It’s completely still until dance teacher Michael Kerr strikes the drum and suddenly everyone is in motion. The 6th-grade girls twirl and bend while the boys tentatively reach and arch.
It’s only days into the new school year and already these beginning dancers at MS 443 in South Park Slope are comfortable with the feel of their bare feet on the wood floor and the challenge of moving their bodies with deliberation and aligning their movements with those of a partner.
The drumming stops, but a few dancers miss the cue. “It’s all right to make mistakes, but in dance the end must be the end,” Kerr explains. “Dance is not like a run-on sentence.”
In the advanced 8th-grade class a period later, the focus and concentration are palpable. “You’re not thinking about after school or your last class,” he instructs them. “Knees over toes, heads over shoulders, find your center.” The music begins and the mirrored wall of the basement studio reflects the elegant precision and grace of the 32 young dancers. Chins up, shoulders back, toes pointed, eyes straight ahead. It looks so easy, but they are working very hard.
Kerr, who has danced professionally in the United States and abroad, said he has always wanted to be a dance teacher — not a dancer. He is now a fierce advocate of establishing dance programs for students from kindergarten to high school in every city school.
Dance is not a “frill,” Kerr insists. He speaks passionately about how dance develops a well-rounded human being, reaches the kinesthetic learner and is part of the multiple intelligence approach to teaching. Students learn to pay attention to detail and to build a work ethic. He cites U.S. Department of Education research that finds overwhelming evidence that dance boosts student achievement and test scores in academic subject areas.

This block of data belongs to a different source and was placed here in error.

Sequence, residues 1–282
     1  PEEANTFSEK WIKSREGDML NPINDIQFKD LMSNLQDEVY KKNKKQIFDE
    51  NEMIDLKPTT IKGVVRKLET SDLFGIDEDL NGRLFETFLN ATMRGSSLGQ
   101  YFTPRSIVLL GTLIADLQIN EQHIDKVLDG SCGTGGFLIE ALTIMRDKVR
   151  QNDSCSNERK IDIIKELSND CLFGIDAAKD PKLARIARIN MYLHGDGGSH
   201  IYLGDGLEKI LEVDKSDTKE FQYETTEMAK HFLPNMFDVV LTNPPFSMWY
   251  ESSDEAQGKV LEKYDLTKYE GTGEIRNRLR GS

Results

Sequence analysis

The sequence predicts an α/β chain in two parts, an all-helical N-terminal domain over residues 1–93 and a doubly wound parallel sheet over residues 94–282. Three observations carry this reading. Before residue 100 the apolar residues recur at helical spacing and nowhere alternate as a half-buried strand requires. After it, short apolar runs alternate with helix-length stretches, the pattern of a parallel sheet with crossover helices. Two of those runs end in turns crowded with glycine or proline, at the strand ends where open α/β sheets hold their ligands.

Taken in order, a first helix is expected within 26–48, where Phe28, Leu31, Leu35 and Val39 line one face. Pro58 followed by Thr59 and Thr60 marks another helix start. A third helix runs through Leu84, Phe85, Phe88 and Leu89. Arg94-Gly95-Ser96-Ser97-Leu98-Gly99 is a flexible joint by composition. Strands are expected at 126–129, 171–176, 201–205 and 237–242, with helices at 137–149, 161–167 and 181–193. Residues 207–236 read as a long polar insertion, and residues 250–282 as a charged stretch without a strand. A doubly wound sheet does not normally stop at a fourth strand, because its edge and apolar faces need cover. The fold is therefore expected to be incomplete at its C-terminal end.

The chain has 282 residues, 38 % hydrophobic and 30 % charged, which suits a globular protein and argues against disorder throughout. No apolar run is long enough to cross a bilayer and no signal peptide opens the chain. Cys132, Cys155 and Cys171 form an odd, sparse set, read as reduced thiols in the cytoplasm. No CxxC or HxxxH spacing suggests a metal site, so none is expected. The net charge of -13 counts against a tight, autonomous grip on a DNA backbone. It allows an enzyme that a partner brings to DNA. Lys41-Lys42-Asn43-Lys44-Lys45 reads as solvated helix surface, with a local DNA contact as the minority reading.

Kerr’s students were part of the unrehearsed, unscripted “PS Dance” that aired on PBS last spring. The hour-long documentary turned the spotlight on dance education in public schools and dramatized the positive impact it has on student development.
At MS 443, the New Voices School of Academic and Creative Arts, Kerr fought hard for his program, now in its 15th year. The program requires 6th-graders to take dance as part of their introduction to the arts while 7th- and 8th-graders who choose dance as their arts focus have double classes four times a week.
Ghazi Albuliwi, an ESL teacher at the school, praised the “professional quality” of Kerr’s program and how “closed-up” students “open up” through it and “start to shine.”
Science teacher Cherise Windbish said she was impressed with the dance students’ understanding of anatomy, how the body moves and how it’s connected. She said the dance students’ sense of personal independence and attention to detail pay off in organizing and conducting lab experiments in her classroom. Windbish said her own daughter’s hatred of school changed completely when she started dancing in Kerr’s program and now her daughter is using her dance background as she works for a college degree in physical therapy.
In his modern dance studio tucked away in the basement of the Brooklyn school, Kerr is there in his bare feet illustrating positions and steps, moving around, encouraging, correcting. He becomes part of the ensemble dance lines, modeling the motions as the students move through choreographed dances.
“I know what it is to do a lesson plan,” Kerr said to explain why he divides 90-minute classes into various activities to keep middle school students engaged. Advanced students work together on steps and precision exercises, break to rehearse ensemble work and then move into small groups, in which each group choreographs a short dance — “to expand narrative into movement,” Kerr said. Finally, each group presents its piece with the other students providing a critique.
This fall, Kerr, a former chair of the NYC Dance Educators/UFT, is receiving the 2015 Diana Domoracki-Kisto Award for Pre-K–12 Dance Educator from the New York State Dance Education Association.